How to redirect stdout / stderr to a file

Redirecting all your program output to a file is very simple and can be accomplished like this: myapp > output.log This line will send all the output generated by myapp to a file named output.log. The contents of output.log will always be overwritten; but you can use a second > to append to the current content like this: myapp >> output.log As well as with output, it is very useful to redirect the stderr (standard error output) to a file rather than to the screen.

How to install the C++ Boost Libraries on Windows

Boost is a set of high-quality libraries that speed up C++ development. They are included in most linux distributions and some of them are already part of the C++ Standard Library. In the Windows environment, you have to install them in order to take advantage of them. If you are using Microsoft Visual Studio, you can avoid the following steps by downloading a binary version from http://www.boostpro.com/download/and skip to the Testing section in this document.

One-liner to minimize your CSS files

The following one-liner will help you remove comments, spaces, and more from your CSS files. Suggestions are always welcomed. Important: Before running this command, create a copy of your original file. Try the resulting CSS in a test environment before releasing it. cat style.css | sed -e ' s/^[ t]*//g; # leading spaces s/[ t]*$//g; # trailing spaces s/([:{;,]) /1/g; # spaces after a colon, brace, semicolon, or comma s/ {/{/g; # spaces before a brace /^$/d # blank lines ' | sed -e :a -e '$!

How to manage local or remote services from command line

Starting or stopping services on Windows is a task commonly performed by using the Services snap-in on the MMC console. From time to time you want to perform such tasks from the command line. A possible reason for this is when you are creating scripts (batch files). To achieve this, you have two options: net for managing local services and sc.exe for remote ones. The net command is included in your default Windows installation.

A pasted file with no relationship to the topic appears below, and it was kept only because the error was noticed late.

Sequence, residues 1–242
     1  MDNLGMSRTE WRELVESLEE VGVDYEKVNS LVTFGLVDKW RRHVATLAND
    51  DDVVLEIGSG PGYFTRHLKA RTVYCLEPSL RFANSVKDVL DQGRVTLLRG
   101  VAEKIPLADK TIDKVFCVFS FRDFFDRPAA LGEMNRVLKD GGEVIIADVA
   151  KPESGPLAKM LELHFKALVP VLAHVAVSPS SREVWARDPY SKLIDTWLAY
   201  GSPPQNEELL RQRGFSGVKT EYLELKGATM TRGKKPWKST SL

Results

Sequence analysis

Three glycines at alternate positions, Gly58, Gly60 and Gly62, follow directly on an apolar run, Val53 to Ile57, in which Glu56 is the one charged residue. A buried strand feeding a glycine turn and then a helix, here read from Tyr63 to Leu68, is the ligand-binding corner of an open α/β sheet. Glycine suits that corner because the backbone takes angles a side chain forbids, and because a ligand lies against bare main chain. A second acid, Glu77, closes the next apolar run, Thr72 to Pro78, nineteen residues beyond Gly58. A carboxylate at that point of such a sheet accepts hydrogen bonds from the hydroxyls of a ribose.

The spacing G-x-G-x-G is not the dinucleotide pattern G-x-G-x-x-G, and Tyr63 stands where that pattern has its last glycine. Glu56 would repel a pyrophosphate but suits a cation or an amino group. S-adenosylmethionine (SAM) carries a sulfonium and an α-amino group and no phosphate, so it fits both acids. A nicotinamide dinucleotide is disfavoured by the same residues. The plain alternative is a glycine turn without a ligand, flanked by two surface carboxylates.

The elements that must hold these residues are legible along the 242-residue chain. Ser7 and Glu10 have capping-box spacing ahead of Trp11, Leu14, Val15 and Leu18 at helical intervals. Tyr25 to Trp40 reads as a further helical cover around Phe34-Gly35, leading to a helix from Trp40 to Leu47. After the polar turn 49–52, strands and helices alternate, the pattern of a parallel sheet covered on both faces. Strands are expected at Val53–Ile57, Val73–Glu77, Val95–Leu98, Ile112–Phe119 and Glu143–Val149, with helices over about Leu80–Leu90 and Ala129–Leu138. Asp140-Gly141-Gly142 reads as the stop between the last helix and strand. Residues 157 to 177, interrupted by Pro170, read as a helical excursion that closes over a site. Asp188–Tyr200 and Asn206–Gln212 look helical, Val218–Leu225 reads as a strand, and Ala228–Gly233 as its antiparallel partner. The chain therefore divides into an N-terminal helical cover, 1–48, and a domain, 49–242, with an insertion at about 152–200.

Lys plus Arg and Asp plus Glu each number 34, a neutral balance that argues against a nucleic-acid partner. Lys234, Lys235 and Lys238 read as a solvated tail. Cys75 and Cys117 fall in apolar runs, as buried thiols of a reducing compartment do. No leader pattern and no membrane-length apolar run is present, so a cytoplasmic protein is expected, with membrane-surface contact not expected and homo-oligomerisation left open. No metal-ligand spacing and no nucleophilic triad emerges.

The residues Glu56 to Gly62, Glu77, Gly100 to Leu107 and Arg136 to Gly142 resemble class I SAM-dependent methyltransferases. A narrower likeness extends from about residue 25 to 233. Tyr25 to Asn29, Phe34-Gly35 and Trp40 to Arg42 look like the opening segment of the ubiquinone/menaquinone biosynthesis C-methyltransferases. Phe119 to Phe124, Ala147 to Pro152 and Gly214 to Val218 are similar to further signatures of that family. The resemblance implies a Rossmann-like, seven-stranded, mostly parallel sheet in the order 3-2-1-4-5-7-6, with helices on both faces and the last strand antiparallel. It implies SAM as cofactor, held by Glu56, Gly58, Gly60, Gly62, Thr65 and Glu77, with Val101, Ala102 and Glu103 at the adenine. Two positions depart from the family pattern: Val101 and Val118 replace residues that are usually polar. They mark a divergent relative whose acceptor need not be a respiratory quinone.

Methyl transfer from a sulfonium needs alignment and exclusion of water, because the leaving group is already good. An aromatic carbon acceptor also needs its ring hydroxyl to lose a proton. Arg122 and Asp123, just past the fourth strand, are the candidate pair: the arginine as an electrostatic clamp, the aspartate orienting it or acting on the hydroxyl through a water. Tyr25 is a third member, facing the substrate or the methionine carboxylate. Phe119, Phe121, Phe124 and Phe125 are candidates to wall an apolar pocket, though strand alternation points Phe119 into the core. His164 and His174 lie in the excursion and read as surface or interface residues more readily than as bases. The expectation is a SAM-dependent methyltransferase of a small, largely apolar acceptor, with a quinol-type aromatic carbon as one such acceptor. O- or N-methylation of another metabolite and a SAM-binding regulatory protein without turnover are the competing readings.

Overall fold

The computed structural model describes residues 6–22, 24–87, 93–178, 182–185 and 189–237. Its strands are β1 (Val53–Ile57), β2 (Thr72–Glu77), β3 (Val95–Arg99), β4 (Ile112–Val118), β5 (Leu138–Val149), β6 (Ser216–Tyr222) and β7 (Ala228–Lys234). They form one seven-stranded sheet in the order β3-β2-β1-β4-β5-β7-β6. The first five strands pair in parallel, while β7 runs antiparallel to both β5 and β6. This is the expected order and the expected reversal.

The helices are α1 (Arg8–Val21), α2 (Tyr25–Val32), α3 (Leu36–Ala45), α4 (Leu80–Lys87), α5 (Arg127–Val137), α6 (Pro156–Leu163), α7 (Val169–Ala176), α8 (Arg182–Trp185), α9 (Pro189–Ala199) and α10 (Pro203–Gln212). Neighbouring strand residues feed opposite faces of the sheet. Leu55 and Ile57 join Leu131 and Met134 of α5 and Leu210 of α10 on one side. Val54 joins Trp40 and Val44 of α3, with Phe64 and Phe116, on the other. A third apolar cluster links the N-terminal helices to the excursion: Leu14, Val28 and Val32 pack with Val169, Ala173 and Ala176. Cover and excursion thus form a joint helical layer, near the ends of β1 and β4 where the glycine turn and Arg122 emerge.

Useful vim commands

Even though we have many sophisticated GUI text editors, there is one that has passed all time tests: vi. vi is a text editor created originally for Unix in 1976. Are you kidding? 1976? Why should I even bother to know it exists? Because that is the only text editor you will find for sure in any Unix like command line environment, that includes any Unix flavor, Linux and Macs. Believe me, there are many times when you have no other way to edit files (like webpages, php’s, css’s) but from the command line.

A basic .vimrc configuration file for vim users

.vimrc is the configuration file for vim. Whenever executed, vi will read this file’s contents setting up a customized environment. In order to work, you have to save it in your home directory (~). It is important to notice that the commands should not include the initial colon (:). Here are some useful commands: syntax on syntax highlighing set number show line numbers set ruler show the cursor position all the time set ignorecase ignore case when searching set hlsearch highlight searches set tabstop=4 number of spaces of tab character set shiftwidth=4 number of spaces to (auto)indent set autoindent always set auto indenting on set smartindent smart indent set cindent cindent